# plus, +

Add numbers, append strings

## Syntax

## Description

`C = `

adds
arrays `A`

+ `B`

`A`

and `B`

by adding corresponding
elements. If one input is a string array, then `plus`

appends the
corresponding elements as strings.

The sizes of `A`

and `B`

must be the same or be
compatible. If the sizes of
`A`

and `B`

are compatible, then the two
arrays implicitly expand to match each other. For example, if one of
`A`

or `B`

is a scalar, then the scalar is
combined with each element of the other array. Also, vectors with different
orientations (one row vector and one column vector) implicitly expand to form a
matrix.

## Examples

### Add Scalar to Array

Create an array, `A`

, and add a scalar value to it.

A = [0 1; 1 0]; C = A + 2

`C = `*2×2*
2 3
3 2

The scalar value is added to each entry of `A`

.

### Append Strings

Create two 1-by-3 string arrays, then append similarly located strings in the arrays.

s1 = ["Red" "Blue" "Green"]

`s1 = `*1x3 string*
"Red" "Blue" "Green"

s2 = ["Truck" "Sky" "Tree"]

`s2 = `*1x3 string*
"Truck" "Sky" "Tree"

s = s1 + s2

`s = `*1x3 string*
"RedTruck" "BlueSky" "GreenTree"

### Add Two Arrays

Create two arrays, `A`

and `B`

, and add them together.

A = [1 0; 2 4]; B = [5 9; 2 1]; C = A + B

`C = `*2×2*
6 9
4 5

The elements of `A`

are added to the corresponding elements of `B`

.

### Add Row and Column Vectors

Create a 1-by-2 row vector and 3-by-1 column vector and add them.

a = 1:2; b = (1:3)'; a + b

`ans = `*3×2*
2 3
3 4
4 5

The result is a 3-by-2 matrix, where each (i,j) element in the matrix is equal to a`(j) + b(i)`

:

$$\mathit{a}=\left[{\mathit{a}}_{1}\text{\hspace{0.17em}}{\mathit{a}}_{2}\right],\text{\hspace{0.17em}}\text{\hspace{0.17em}}\text{\hspace{0.17em}}\text{\hspace{0.17em}}\text{\hspace{0.17em}}\text{\hspace{0.17em}}\text{\hspace{0.17em}}\text{\hspace{0.17em}}\text{\hspace{0.17em}}\text{\hspace{0.17em}}\mathit{b}=\left[\begin{array}{c}{\mathit{b}}_{1}\\ {\mathit{b}}_{2}\\ {\mathit{b}}_{3}\end{array}\right],\text{\hspace{0.17em}\hspace{0.17em}\hspace{0.17em}\hspace{0.17em}\hspace{0.17em}\hspace{0.17em}\hspace{0.17em}\hspace{0.17em}\hspace{0.17em}\hspace{0.17em}}\text{\hspace{0.17em}}\mathit{a}+\text{\hspace{0.17em}}\mathit{b}=\left[\begin{array}{cc}{\mathit{a}}_{1}+\text{\hspace{0.17em}}{\mathit{b}}_{1}& {\mathit{a}}_{2}+\text{\hspace{0.17em}}{\mathit{b}}_{1}\\ {\mathit{a}}_{1}+\text{\hspace{0.17em}}{\mathit{b}}_{2}& {\mathit{a}}_{2}+\text{\hspace{0.17em}}{\mathit{b}}_{2}\\ {\mathit{a}}_{1}+\text{\hspace{0.17em}}{\mathit{b}}_{3}& {\mathit{a}}_{2}+\text{\hspace{0.17em}}{\mathit{b}}_{3}\end{array}\right].$$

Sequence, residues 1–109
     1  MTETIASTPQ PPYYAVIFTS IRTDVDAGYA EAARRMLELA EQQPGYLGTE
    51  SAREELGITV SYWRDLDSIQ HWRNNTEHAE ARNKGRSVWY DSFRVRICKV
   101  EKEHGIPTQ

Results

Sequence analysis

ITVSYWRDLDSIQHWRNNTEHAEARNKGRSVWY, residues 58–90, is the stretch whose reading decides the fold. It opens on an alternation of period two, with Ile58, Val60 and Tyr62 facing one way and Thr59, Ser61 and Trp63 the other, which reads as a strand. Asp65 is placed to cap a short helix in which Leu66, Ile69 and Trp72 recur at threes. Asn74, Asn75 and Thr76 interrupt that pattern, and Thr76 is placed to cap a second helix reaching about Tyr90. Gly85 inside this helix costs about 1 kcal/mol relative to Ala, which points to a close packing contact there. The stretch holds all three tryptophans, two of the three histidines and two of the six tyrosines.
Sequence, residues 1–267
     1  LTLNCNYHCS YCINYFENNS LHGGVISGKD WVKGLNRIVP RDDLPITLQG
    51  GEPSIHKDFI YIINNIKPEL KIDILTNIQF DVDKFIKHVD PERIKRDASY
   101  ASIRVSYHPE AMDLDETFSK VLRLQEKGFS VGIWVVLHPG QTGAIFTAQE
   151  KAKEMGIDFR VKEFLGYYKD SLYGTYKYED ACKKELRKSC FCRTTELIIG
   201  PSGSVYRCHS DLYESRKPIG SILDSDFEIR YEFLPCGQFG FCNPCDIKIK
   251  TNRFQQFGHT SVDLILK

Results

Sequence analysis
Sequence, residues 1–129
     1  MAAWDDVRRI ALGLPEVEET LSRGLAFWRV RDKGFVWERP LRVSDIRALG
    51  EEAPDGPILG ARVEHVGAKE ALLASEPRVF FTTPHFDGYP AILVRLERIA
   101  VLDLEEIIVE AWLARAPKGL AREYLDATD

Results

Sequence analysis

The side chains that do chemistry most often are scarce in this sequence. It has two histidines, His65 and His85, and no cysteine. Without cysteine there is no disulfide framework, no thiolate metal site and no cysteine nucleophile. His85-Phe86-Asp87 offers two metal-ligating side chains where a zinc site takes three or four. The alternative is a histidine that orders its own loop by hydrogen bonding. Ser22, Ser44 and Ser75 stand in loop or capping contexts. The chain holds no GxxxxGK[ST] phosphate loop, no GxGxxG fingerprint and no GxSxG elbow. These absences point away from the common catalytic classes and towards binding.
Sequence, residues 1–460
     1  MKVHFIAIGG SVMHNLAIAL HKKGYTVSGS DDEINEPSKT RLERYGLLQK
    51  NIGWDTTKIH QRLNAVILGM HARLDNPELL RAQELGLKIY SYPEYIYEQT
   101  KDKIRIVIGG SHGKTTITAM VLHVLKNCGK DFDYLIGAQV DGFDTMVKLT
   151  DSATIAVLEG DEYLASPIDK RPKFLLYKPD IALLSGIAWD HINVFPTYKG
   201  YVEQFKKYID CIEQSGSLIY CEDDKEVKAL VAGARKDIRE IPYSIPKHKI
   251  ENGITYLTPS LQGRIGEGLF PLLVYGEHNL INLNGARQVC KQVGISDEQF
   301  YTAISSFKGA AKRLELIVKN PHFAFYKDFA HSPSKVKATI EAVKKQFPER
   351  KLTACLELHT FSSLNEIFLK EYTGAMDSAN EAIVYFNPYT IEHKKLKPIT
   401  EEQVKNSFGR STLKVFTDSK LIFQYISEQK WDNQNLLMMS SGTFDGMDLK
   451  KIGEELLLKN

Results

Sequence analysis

### Add Vector to Matrix

Create an array, `A`

, and add a column vector to it. The vector is treated as though it is a matrix of the same size as `A`

, so that each element in the vector is added to a row in `A`

.

A = [1 2 3; 4 5 6]

`A = `*2×3*
1 2 3
4 5 6

b = [10; 100]

`b = `*2×1*
10
100

A + b

`ans = `*2×3*
11 12 13
104 105 106

### Add Tables

*Since R2023a*

Create two tables and add them. The row names (if present in both) and variable names must be the same, but do not need to be in the same orders. Rows and variables of the output are in the same orders as the first input.

A = table([1;2],[3;4],VariableNames=["V1","V2"],RowNames=["R1","R2"])

`A=`*2×2 table*
V1 V2
__ __
R1 1 3
R2 2 4

B = table([4;2],[3;1],VariableNames=["V2","V1"],RowNames=["R2","R1"])

`B=`*2×2 table*
V2 V1
__ __
R2 4 3
R1 2 1

C = A + B

`C=`*2×2 table*
V1 V2
__ __
R1 2 5
R2 5 8

## Input Arguments

`A`

, `B`

— Operands

scalars | vectors | matrices | multidimensional arrays | tables | timetables

Operands, specified as scalars, vectors, matrices, multidimensional
arrays, tables, or timetables. Inputs `A`

and
`B`

must either be the same size or have sizes that are
compatible (for example, `A`

is an
`M`

-by-`N`

matrix and
`B`

is a scalar or
`1`

-by-`N`

row vector). For more
information, see Compatible Array Sizes for Basic Operations.

If one input is a string array, then the other input can be numeric, character, string, or a cell array. In this case,

`plus`

converts the non-string input into a string array and then appends corresponding elements of the inputs.Operands with an integer data type cannot be complex.

If one input is a

`datetime`

array,`duration`

array, or`calendarDuration`

array, then numeric values in the other input are treated as a number of 24-hour days.